Ergonomics is the study of the relationship between the work environment and the worker. It addresses the physical capabilities of the worker as they interact with tools, equipment, work methods and everyday tasks existing within the workplace. The goal of ergonomics is to provide an understanding of the best practices used to help minimize the potential of work-place injuries and provide effective and safe work environments.
The core of the City's ergonomic program consists of individual workstation evaluations, online training and informational documents and guides. It is our hope to work together with each employee to increase knowledge and awareness of potential risk factors and identify solutions that will decrease workplace injuries, increase productivity and help employees feel secure in their health and overall well-being in the workplace.
Seven Risk Factors to consider when analyzing the effectiveness of your workstation include:
1. Frequency: how often a specific task is performed per unit of time.
2. Duration: how long a specific task is performed.
3. Temperature Extremes: exposure to extreme heat or cold has an effect on soft tissue.
4. Vibration: either whole body (jackhammer) or localized (power tools) - Prolonged vibration can cause micro trauma to the involved areas.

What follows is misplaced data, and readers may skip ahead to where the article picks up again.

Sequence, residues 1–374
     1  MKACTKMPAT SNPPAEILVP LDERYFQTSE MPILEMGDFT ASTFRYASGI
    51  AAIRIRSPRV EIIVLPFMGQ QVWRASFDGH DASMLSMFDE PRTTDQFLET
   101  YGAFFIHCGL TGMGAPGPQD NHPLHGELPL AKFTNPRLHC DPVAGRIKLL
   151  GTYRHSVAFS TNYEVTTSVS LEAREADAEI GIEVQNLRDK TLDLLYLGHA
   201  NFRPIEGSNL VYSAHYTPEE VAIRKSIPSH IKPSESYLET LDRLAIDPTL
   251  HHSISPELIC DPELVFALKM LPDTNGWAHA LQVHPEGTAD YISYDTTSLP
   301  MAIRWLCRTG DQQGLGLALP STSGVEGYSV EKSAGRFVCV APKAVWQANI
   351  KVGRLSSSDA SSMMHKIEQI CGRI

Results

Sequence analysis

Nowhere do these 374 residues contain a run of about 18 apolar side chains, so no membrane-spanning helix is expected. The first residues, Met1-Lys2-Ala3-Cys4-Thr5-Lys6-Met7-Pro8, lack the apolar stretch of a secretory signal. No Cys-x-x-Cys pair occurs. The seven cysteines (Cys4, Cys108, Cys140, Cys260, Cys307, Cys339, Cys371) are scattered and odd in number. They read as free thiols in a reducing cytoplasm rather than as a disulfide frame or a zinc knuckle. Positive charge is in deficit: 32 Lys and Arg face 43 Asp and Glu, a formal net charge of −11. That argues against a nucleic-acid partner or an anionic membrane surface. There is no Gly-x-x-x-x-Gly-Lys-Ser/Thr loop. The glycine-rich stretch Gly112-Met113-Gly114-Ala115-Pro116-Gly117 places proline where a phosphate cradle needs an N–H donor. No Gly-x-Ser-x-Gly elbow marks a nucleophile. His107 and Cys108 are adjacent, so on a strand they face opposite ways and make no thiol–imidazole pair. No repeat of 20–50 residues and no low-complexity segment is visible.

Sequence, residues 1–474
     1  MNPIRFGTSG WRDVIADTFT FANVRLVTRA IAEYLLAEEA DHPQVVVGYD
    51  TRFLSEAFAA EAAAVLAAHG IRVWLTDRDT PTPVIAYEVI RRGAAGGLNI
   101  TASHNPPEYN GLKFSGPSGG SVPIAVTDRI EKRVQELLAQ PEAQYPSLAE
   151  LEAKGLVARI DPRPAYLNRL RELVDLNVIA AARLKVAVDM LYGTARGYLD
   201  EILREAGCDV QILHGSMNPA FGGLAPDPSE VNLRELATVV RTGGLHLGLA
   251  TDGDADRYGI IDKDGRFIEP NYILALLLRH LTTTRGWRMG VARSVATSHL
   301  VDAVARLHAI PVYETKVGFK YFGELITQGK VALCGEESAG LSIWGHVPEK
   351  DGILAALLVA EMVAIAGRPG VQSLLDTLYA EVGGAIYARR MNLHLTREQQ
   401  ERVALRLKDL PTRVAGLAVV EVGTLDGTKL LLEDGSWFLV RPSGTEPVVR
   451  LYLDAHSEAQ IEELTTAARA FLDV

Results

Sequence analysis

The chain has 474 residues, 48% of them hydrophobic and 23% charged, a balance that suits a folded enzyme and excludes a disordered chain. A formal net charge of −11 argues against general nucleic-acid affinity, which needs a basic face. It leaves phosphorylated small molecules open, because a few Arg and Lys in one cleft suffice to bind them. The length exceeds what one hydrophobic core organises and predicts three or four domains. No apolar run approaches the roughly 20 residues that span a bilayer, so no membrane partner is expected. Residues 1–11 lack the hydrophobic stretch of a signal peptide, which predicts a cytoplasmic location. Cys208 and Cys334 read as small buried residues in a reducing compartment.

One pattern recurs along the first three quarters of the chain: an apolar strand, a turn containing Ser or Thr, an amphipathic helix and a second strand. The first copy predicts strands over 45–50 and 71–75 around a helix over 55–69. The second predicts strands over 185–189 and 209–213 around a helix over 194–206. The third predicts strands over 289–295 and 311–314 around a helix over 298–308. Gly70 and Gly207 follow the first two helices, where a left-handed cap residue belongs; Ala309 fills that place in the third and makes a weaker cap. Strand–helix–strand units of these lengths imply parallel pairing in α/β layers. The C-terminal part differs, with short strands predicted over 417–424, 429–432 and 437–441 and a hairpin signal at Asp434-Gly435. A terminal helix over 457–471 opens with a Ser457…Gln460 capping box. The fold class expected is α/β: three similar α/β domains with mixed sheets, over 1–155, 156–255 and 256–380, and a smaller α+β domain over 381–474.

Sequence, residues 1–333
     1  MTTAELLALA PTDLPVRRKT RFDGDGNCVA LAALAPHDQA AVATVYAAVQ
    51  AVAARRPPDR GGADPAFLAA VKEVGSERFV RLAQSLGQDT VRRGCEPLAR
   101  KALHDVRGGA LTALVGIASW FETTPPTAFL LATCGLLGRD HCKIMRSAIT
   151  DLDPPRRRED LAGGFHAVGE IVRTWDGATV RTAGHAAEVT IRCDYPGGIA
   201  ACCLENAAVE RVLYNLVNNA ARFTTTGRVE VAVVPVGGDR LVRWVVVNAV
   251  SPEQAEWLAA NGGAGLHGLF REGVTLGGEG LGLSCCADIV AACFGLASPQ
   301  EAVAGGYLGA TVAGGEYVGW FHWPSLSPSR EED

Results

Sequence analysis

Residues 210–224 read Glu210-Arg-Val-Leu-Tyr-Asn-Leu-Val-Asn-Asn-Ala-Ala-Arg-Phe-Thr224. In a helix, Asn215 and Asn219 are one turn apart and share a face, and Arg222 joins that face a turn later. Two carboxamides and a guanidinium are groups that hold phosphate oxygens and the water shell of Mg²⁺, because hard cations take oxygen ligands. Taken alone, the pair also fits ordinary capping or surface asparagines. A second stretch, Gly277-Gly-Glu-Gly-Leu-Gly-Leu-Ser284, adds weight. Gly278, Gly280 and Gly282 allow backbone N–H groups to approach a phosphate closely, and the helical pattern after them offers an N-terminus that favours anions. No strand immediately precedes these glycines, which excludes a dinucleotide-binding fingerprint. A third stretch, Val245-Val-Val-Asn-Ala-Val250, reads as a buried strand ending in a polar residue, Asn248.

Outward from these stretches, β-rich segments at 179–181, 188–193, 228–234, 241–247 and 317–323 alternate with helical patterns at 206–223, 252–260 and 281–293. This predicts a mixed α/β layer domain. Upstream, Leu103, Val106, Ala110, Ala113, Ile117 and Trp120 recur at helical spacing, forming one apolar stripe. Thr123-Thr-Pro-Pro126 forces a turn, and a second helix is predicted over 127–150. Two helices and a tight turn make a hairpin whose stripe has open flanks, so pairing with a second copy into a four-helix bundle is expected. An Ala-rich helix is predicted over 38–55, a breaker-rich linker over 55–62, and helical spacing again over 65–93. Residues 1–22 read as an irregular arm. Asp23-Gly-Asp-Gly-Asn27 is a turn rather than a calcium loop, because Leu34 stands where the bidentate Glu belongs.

5. Awkward Position: compromises the supportive soft tissue. Injury risk increases when exertion is applied while in awkward positions or postures.
6. Static Posture: occurs when a position is held for a prolonged period of time, i.e. sitting in your chair for hours at a time.
7. Contact Stress: occurs when localized pressure is placed on a part of the body, i.e. resting arms on the edge of your desk while you type.
Oftentimes, injuries like carpal tunnel syndrome can be avoided by making adjustments to how we work and the equipment we use. It is important to keep these risk factors in mind as we navigate our day to day tasks in the workplace.
For more information or to schedule an ergonomic evaluation, contact Mirene Benitez in Human Resources at firstname.lastname@example.org.
This page will be updated regularly with tips, tricks and other educational material to help keep us all ergonomically aware.
Risk Factor Guide